A QUT researcher studying how disaster risk communication can help people and communities recover from bushfires and other natural disasters says an orchestrated approach for people to share their stories locally is a vital piece of the puzzle.
QUT research being presented at this week’s Australasian Road Safety Conference will outline the results of two new studies that looked at drivers' willingness to one day embrace automated vehicle technology.
Associate Professor Ioni Lewis from QUT’s Centre for Accident Research and Road Safety-Queensland (CARRS-Q) was co-chief investigator in an international study that surveyed 1563 drivers across Australia, France and Sweden about their intentions – or otherwise – to one day have a Level 4 automated car that did the driving for them.
“Under international standards, a Level 4 automated car is a high automation vehicle that can completely drive itself,” she said.
"Together with colleagues in France and Sweden, we surveyed members of the general public across the three countries and asked them about their intentions to adopt this sort of technology in the future.
“We found French drivers were more keen to embrace automated cars than drivers in Australia and Sweden.
“France has been trialling automated cars for several years and is a world leader, so we think this increased level of community exposure to these cars may have contributed to the differences in intentions found between the countries.
“We also wanted to identify the psychological reasons behind people’s intentions. In France and Sweden, people’s ‘attitude’ (their emotions and beliefs) toward these vehicles was the biggest predictor but in Australia it was ‘performance expectancy’, which reflected how much they thought a highly automated vehicle would actually assist them.
“Realistically, we are still some time away from Level 5 cars, which completely drive themselves and don’t even need a steering wheel. At the moment people can buy up to Level 2 cars – these are vehicles that still require a driver but can do some basic tasks, like braking, by themselves. But it’s important to understand driver perceptions and intentions now as we plan for the future.”
Dr Sherrie-Anne Kaye is another QUT researcher looking at what drivers think of driverless cars and was the other chief investigator in the international survey.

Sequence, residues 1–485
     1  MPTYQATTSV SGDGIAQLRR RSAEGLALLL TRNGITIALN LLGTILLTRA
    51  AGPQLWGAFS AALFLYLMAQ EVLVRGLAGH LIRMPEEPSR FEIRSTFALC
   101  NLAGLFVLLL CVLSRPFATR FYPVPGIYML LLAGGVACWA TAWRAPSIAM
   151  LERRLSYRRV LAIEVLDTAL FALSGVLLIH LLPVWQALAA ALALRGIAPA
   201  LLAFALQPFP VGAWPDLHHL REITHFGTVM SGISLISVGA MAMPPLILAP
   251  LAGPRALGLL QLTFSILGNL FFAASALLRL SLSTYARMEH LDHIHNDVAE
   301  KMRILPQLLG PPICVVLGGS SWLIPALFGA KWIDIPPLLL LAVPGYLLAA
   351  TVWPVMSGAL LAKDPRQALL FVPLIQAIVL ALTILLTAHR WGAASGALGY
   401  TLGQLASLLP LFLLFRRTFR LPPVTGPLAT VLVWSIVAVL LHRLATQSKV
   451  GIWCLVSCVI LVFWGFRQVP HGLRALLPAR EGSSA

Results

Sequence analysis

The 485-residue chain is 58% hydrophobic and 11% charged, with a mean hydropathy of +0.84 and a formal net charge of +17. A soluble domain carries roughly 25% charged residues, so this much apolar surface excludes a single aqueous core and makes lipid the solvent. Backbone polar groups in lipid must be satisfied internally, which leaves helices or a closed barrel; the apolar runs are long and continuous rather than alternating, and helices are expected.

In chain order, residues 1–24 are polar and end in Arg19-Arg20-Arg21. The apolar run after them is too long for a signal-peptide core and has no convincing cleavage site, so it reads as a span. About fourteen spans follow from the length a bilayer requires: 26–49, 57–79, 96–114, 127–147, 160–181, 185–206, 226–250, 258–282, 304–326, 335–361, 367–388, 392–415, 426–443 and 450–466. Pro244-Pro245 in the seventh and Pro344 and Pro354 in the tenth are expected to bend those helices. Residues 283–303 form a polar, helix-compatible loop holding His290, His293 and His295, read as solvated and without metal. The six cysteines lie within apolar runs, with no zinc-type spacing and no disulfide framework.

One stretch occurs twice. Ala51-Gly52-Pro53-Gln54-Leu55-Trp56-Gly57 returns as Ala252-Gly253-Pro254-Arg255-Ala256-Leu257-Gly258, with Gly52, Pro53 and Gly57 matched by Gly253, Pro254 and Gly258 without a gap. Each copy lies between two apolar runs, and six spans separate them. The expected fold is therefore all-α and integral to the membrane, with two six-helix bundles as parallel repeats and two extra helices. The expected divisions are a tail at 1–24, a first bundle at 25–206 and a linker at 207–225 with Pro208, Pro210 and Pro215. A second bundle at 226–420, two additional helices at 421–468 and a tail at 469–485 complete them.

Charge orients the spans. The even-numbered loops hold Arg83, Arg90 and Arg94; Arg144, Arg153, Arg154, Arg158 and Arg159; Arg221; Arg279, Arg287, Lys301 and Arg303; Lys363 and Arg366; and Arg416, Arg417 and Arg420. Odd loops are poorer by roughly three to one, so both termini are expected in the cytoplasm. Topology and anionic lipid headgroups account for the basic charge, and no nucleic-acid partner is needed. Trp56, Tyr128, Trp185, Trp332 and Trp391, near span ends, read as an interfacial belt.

She is a Research Fellow (Advanced Technologies) with CARRS-Q and will be presenting the results of that study at the Australasian Road Safety Conference, along with another Queensland-specific survey.
“The Queensland study surveyed 505 drivers on what they perceived to be the advantages and disadvantages of automated cars,” she said.
“They reported quite a few advantages, including that these cars would make driving easier for elderly people and people with disabilities, reduce the human errors that contribute to crashes, and enable people to multi-task during their commutes.
“But some of the common concerns included possible technology malfunctions, hacking and privacy issues, who was legally liable, problems with mixed traffic environments (automated and non-automated vehicles) and losing the enjoyment of driving a car themselves.
“The perceived barriers to one day driving an automated car included the high cost, a lack of trust and control, safety (for themselves and others) and current legislation.”
With automated vehicle trials now getting underway in Australia, law-makers are also getting ready for the new technology.
The National Transport Commission (NTC) is currently revising our laws to allow automated vehicles to operate safely and legally on Australian roads, and look at implications for areas like motor accident injury insurance.
By 2020 the NTC aims to have an end-to-end system of regulation for automated vehicles in this country.
The Society of Automotive Engineers (SAE) sets the internationally-recognised standard outlining levels of driving automation.
There are six levels, ranging from Level 0 to 5.
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